by ZACH ROSENBERG
Today is Veteran’s Day, when Americans honor their military veterans and the sacrifices they have made. People celebrate in different ways, and as with most holidays, some are more observant than others. I, for example, will write this post, think about those who have made sacrifices on my behalf, make pasta for dinner, and watch an episode or two of Generation Kill. Others are standing in the cold rain in Arlington National Cemetery. Others are on patrol in Afghanistan, where some will likely be bombed or shot at.
Heroism is a nebulous concept of subjective application, but it’s one that many Americans bestow on all U.S. veterans. In addition to praising veterans in my own way, I want to impart my view, which is that being a veteran of military service is not automatic grounds for heroism, and that heroism is not necessarily tied to armed service. Where to draw the line is relative and varies from person to person.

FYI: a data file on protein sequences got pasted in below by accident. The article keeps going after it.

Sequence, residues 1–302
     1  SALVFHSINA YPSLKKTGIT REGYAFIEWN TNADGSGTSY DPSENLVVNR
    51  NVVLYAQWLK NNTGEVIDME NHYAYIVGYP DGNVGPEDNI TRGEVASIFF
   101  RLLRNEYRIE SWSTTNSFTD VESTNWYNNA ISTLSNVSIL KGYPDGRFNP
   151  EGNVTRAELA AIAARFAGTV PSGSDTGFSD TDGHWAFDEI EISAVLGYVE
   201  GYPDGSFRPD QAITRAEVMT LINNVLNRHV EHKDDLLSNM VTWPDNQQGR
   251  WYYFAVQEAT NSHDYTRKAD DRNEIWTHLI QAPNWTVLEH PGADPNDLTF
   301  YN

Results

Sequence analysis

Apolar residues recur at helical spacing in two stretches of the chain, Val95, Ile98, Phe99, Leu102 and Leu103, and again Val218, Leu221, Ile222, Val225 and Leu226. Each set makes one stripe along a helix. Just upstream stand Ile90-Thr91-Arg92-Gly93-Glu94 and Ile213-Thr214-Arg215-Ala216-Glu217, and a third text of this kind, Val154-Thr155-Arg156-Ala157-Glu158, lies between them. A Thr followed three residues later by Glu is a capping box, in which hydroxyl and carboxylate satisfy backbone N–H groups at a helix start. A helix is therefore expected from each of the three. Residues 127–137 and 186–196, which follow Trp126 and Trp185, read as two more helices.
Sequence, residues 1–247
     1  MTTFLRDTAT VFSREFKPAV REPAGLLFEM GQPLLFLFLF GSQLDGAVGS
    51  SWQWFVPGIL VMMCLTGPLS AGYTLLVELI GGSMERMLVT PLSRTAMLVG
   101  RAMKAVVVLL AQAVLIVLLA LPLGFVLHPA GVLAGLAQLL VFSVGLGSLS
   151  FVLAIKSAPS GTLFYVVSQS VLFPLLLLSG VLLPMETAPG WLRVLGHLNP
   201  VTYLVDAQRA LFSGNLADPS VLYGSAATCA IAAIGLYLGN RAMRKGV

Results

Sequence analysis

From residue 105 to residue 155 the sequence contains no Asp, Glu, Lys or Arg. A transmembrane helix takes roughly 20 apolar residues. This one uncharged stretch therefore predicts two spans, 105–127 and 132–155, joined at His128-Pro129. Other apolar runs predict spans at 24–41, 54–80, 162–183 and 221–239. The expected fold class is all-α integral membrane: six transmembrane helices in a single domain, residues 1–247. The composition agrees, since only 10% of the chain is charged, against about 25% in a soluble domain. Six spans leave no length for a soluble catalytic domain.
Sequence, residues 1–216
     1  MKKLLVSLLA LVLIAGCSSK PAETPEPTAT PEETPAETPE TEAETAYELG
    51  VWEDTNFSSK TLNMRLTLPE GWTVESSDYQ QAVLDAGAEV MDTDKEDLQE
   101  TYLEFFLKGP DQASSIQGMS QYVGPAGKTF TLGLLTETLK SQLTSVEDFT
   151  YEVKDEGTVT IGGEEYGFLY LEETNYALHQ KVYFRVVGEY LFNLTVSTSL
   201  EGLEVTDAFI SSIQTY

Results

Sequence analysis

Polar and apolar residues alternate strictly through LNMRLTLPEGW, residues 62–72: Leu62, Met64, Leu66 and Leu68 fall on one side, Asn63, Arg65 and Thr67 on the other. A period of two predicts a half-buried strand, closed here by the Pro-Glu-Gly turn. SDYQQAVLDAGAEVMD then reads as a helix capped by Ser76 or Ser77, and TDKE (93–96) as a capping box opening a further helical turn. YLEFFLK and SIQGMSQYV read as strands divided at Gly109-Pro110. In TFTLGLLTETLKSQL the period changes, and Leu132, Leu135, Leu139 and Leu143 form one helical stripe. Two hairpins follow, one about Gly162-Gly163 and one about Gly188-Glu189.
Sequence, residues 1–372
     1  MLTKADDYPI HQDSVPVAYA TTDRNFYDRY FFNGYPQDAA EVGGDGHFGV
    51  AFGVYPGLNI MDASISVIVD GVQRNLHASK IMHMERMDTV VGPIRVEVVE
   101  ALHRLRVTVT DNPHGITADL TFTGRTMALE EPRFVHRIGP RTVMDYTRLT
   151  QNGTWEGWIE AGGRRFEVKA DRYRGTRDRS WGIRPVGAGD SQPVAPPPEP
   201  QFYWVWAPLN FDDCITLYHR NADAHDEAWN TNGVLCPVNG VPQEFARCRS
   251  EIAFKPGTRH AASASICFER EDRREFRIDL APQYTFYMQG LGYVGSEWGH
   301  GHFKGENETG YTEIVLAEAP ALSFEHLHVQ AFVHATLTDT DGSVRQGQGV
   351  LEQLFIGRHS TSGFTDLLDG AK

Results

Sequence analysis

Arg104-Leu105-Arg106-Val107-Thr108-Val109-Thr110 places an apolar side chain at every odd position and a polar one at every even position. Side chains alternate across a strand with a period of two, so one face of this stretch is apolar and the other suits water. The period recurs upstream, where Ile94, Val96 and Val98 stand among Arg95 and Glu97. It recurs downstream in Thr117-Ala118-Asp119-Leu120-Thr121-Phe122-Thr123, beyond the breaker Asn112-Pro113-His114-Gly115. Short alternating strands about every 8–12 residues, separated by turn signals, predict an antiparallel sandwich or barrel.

I don’t want to insult or anger anyone, I’m genuinely curious about what people think. I want to put a couple of questions to readers:
What actions define heroism in the service of others? Is it sacrifice or service?
How does the cause served impact the definition? A just vs. a mistaken war? Would a particularly brave Taliban fighter qualify under your definition? Were there more heroes in the Union than the Confederacy?
What level of service does it require? Is it only armed deployment abroad, or would the mail sorting platoon qualify? What about an armed FBI agent? What about an unarmed IRS agent or SEC regulator?
(Painting: Legends of America)